Always be sure there is an adult watching kids at all times when they are in or around water, without being distracted. Keep young children and inexperienced swimmers within arm’s reach of an adult. Make sure older children swim with a partner every time. All children need to learn how to swim. Every child is different, so enroll children in swim lessons when they are ready. Consider their age, development and how often they are around water when deciding if they are ready. Make sure kids learn these five water survival skills and are able to: step or jump into water over their head and return to the surface; turn around and orient to safety; float or tread water; combine breathing with forward movement in the water and exit the water. Teach children that swimming in open water is different from swimming in a pool. Be aware of situations that are unique to open water, such as limited visibility, depth, uneven surfaces, currents, and undertow. These potential hazards can make swimming in open water more challenging than swimming in a pool. Wear a U.S. Coast Guard-approved life jacket when boating or participating in other recreational activities on the water. Children should wear a U.S. Coast Guard-approved personal floatation device (PFD) appropriate for their age, weight and water activity. For kids younger than 5, choose a PFD with head support and a strap between the legs. Use designated swimming areas and recreational areas whenever possible. Professionals have assessed the area, and there are usually signs posted regarding hazards and lifeguard schedules.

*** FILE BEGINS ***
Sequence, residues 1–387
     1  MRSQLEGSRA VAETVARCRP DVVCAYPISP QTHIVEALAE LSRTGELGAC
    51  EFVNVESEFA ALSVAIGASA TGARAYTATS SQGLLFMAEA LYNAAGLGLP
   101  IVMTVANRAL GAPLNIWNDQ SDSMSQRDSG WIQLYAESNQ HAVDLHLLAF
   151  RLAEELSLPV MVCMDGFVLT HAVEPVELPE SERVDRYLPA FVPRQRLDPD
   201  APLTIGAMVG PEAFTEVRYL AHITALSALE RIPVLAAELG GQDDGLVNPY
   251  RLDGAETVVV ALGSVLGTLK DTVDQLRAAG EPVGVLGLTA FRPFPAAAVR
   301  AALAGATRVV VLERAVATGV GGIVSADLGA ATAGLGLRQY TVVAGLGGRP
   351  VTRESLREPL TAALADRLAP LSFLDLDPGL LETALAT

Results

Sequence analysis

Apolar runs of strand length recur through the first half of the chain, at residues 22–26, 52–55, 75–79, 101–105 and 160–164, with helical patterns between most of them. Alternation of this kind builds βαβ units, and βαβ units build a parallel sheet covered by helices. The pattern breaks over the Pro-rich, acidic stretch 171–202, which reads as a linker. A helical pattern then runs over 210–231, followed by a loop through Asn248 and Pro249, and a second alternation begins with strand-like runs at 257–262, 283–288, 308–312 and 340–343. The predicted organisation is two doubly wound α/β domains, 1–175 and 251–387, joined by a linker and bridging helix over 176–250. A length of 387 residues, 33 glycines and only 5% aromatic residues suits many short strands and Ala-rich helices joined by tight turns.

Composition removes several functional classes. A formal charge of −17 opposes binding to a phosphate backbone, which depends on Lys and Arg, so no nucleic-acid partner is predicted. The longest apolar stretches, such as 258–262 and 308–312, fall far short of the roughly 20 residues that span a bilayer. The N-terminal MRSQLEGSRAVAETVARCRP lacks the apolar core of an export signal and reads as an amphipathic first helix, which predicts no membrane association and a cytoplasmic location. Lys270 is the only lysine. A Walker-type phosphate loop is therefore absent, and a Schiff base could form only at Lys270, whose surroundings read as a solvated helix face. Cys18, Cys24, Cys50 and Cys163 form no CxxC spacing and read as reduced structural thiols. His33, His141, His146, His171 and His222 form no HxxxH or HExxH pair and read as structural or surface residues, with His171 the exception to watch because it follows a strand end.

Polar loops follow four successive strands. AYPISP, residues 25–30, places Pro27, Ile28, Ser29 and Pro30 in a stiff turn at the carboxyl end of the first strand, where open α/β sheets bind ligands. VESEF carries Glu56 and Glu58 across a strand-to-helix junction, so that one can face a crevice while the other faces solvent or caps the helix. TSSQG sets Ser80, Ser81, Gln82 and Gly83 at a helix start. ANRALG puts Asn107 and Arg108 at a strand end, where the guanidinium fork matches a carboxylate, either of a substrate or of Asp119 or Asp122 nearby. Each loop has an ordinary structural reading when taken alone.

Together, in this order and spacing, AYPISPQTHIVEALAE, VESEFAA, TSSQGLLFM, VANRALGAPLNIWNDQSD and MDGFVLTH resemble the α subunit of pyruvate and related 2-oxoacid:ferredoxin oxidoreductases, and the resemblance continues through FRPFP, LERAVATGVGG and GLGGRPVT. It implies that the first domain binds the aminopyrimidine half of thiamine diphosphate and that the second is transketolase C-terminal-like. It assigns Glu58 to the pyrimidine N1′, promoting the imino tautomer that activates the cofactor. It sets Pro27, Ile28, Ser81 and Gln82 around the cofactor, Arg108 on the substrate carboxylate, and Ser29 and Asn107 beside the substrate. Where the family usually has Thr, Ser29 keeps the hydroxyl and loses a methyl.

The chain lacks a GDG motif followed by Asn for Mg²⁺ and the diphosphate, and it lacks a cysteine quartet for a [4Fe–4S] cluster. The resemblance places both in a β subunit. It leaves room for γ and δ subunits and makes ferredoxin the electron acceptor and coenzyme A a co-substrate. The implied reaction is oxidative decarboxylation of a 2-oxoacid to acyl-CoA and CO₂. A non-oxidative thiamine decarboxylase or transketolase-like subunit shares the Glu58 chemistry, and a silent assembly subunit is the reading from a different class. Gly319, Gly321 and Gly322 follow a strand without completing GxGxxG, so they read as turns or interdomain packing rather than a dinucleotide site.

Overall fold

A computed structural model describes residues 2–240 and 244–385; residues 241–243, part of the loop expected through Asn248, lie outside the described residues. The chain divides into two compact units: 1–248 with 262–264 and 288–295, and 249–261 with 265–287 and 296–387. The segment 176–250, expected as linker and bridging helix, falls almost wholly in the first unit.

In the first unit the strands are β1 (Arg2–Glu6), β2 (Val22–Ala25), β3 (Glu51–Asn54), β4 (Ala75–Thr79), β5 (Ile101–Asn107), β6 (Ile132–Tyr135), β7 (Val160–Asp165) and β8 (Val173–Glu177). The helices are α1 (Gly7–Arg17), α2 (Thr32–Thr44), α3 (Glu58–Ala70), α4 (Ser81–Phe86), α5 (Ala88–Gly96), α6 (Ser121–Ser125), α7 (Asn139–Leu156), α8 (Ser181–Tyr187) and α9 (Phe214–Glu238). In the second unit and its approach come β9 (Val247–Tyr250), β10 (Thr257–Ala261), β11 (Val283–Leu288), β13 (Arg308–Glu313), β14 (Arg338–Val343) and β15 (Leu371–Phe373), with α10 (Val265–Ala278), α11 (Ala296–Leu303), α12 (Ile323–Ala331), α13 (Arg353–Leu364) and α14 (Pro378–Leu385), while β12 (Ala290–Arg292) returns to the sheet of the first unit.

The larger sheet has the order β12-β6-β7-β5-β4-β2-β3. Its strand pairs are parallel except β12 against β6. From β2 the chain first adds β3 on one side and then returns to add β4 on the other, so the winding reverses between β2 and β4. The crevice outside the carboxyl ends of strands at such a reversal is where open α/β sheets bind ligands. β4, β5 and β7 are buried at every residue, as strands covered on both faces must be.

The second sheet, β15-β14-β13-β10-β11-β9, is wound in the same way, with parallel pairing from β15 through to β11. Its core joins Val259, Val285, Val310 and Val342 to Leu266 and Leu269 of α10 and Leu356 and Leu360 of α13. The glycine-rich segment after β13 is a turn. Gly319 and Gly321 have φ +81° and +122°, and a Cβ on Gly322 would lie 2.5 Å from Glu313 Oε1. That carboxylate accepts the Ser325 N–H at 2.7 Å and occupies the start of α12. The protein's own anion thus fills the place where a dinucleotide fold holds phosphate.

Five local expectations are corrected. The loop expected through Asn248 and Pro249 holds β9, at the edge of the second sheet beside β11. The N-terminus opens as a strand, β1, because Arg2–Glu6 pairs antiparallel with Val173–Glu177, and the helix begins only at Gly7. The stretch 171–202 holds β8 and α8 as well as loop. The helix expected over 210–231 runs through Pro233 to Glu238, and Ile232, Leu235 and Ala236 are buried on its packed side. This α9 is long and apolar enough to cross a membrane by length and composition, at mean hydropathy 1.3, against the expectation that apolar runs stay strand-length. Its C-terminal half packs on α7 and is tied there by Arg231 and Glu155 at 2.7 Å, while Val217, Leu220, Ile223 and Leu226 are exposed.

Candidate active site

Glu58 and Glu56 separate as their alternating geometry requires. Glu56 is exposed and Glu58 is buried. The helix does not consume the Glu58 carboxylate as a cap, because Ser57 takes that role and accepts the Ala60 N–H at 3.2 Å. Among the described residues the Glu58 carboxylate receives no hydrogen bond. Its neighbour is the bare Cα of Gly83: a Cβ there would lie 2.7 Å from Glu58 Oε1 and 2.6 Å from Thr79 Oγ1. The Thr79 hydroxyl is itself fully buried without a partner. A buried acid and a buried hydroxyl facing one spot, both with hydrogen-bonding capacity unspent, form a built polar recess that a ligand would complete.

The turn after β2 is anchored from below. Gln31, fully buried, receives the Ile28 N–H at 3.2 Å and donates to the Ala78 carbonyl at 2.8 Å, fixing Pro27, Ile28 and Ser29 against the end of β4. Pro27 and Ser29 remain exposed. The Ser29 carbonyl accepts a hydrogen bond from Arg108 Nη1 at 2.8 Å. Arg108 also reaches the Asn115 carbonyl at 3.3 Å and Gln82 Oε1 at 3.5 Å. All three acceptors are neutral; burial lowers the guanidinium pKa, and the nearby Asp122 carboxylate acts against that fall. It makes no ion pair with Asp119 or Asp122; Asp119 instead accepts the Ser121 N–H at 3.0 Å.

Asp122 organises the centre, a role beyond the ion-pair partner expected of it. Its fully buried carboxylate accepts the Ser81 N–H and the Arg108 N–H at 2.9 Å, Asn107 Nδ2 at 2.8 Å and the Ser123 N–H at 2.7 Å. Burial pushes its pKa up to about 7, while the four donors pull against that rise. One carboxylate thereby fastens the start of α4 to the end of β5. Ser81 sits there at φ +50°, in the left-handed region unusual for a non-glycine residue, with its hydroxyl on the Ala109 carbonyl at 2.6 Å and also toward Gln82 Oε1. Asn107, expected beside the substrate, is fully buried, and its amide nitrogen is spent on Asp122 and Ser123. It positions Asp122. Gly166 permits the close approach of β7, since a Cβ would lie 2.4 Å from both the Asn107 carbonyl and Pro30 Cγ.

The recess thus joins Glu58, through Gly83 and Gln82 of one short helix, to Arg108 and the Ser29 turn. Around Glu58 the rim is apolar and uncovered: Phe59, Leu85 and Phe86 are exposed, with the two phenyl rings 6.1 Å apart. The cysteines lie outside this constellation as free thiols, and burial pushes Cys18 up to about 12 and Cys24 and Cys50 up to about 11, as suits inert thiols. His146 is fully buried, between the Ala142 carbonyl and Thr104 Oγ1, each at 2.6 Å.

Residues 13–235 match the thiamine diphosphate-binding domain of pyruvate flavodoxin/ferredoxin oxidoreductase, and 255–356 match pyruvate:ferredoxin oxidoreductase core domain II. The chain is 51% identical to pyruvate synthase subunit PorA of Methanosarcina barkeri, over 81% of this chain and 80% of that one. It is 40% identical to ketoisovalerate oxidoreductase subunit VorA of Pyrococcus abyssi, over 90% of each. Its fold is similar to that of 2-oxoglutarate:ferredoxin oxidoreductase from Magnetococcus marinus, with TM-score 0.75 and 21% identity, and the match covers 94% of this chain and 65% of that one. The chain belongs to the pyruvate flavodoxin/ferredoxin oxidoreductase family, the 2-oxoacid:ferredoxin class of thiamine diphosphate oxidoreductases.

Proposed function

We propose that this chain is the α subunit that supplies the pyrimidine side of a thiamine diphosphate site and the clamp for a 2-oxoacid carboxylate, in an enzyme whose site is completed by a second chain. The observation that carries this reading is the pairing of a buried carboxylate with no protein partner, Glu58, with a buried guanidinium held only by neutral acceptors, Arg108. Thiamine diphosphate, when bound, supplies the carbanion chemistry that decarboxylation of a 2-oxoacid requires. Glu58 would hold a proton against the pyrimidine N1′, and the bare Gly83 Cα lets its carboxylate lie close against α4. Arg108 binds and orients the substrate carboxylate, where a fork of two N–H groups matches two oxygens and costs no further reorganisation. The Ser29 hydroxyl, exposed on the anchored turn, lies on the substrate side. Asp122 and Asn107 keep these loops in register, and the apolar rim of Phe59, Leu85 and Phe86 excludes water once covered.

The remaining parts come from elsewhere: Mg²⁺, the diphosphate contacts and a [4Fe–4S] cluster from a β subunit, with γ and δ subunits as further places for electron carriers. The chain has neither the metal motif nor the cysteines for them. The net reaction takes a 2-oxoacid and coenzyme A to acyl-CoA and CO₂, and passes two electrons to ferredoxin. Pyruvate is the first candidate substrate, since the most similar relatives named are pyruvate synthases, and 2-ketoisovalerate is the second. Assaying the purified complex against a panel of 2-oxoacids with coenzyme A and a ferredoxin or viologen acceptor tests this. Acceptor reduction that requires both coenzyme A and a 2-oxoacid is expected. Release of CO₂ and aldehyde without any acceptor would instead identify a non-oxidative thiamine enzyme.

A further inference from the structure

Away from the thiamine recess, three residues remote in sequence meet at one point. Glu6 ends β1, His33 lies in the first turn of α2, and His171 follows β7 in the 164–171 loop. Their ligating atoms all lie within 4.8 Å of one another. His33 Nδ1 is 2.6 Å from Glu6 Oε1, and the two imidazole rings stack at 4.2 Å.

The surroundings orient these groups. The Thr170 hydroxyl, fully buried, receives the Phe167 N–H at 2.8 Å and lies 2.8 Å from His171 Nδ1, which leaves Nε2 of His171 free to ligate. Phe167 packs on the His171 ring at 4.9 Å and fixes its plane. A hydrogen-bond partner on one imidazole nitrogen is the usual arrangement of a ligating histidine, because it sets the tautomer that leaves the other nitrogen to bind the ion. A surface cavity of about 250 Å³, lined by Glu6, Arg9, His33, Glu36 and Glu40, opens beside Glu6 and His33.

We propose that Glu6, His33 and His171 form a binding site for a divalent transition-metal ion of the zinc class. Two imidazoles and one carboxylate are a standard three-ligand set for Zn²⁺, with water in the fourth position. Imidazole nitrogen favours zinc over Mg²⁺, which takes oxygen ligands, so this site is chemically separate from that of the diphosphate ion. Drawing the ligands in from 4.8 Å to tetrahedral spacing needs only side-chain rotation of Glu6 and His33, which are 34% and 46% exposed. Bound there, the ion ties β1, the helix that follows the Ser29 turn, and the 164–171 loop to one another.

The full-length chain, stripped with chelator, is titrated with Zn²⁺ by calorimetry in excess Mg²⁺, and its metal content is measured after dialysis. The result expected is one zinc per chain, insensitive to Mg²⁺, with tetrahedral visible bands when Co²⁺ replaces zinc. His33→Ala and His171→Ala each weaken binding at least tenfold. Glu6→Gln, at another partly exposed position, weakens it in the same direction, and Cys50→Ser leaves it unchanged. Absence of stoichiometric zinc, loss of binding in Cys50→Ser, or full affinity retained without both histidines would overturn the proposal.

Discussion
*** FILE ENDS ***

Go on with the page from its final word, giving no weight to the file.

Know the Hidden Hazards Swimming in lakes, rivers, oceans and other open water poses hazards you won’t find in a swimming pool. Parents need to be aware of such risks as uneven surfaces, dangerous currents, cold temperatures and more.